Our study’s c values showed a positively skewed distribution among the general population in Chongqing municipality, similar to those seen in the U.S. and Brazil [9], [15]. The known population method of this study yielded an average social network size of 310, comparable to the size of 290 in the U.S. where both known population and summation methods were used [11]. Our study found that social network size varies by location, gender, age, and education level. Rural residents tended to have larger networks than urban residents. Larger social network values were also found among males, young people, and people with higher education levels.

NSUM builds upon the assumptions that everyone in the general public has an equal chance of knowing KAP members and everyone has perfect knowledge about their acquaintances [9][10]. However, these assumptions rarely hold due to stigma and discrimination, thus the results are generally biased. Some methods have been explored to account for such biases. Researchers in Ukraine [13] and Moldova [17] adjusted the results using a scaled social respect factor. In Brazil, a game-like survey involving playing cards and a game board (‘game of contacts’) was performed among heavy drug users [18] to estimate the information transmission rate and potential differences in social network sizes between heavy drug users and the general population. In Japan, researchers used the proportion of MSM who had ever disclosed their sexual orientation to acquaintances (come out rate) to adjust for transmission effects [16]. Our study used the social respect factor similar to Ukraine and Moldova to adjust population size estimates. However, during the estimation of FSW population, the overall respect factor for FSW was 0.9, that means that respondents were willing to know FSW. This bias was mainly caused by the special situation in County C, where is a famous resorting place in Chongqing, and people living there with disrespect attitude to FSW also have more chance to know FSW.

In our study, clients of FSW are estimated to account for approximately 2% of males aged 15–49 years, whereas FSW account for 0.4% of all females aged 15–49 years, resulting in a ratio (clients to sex workers) of 5.74∶1. These estimates are close to the values recommended in the national HIV epidemic estimate guidelines where the proportion of FSW among females aged 15–49 years is between 0.2% and 0.8%, and the ratio of clients to FSW is between 5∶1 and 10∶1 [19]. A study in Zhejiang Province in China estimated the ratio between 6.5∶1 and 11.8∶1 [20]. The proportion of FSW in female population in our study is close to those reported in India, Nepal, and Indonesia [21], and the proportion of clients in male population is similar to estimates in the Philippines [22]. Our study also found the proportion of IDU among all DU to be about 40%, which is lower than 61.2% from national HIV sentinel surveillance [23].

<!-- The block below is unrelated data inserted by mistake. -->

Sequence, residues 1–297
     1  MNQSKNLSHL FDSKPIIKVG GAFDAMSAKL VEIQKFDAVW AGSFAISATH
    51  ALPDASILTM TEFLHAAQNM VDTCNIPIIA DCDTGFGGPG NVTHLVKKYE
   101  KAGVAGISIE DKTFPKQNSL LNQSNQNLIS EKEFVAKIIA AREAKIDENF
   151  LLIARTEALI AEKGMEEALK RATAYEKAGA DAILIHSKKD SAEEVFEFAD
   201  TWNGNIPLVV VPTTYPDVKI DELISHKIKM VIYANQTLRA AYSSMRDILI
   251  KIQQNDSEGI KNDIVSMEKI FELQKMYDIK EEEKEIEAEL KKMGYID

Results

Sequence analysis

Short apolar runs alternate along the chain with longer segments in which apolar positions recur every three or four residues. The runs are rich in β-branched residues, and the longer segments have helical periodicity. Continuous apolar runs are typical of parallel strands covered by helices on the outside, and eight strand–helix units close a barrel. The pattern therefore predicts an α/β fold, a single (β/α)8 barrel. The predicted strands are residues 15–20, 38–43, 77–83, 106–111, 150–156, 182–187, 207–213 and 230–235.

According to this study, only 0.21% of adult males aged 15–49 years in Chongqing municipality are engaged in homosexual behaviors. This is much smaller than those obtained by the multiplier method elsewhere in China. A study in Shanghai municipality [24] indicated a proportion of 6.6 ∼ 7.1% among adult males aged 15–49 years were MSM. Studies in Beijing and Harbin showed the proportion of MSM to be 1.0% and 0.3% [25], with the latter likely underestimated due to sampling bias. High degree of social stigma and discrimination against MSM in China may have a strong impact on the reliability of the estimate in our study. Many MSM only identify their sexual orientation to intimate acquaintances. The study in Japan noted that, on average, only 5.1 acquaintances of MSM knew their status [14]. It will be very hard to obtain an accurate population size estimate without adequate adjustment for the transmission error. Similar to the results of our study, the study in Ukraine suggested an underestimation of MSM population size despite adjustment with the social respect factor [11]. The Japan study adjusted the result by using “come out rate” directly, which gave an estimate of 2.87% in study areas [16].Interestingly, one recent study in Iran compared two approaches of NSUM for estimating population sizes. The results derived from the probability method in which people were asked whether they knew anybody in a specific subpopulation were closer to the external data and were generally greater than those derived from the frequency method in which people were asked to report the number of acquaintances in a particular subpopulation. The study showed that the proportion of MSM was 2.5% based on the probability method and 0.5% based on the frequency method [26].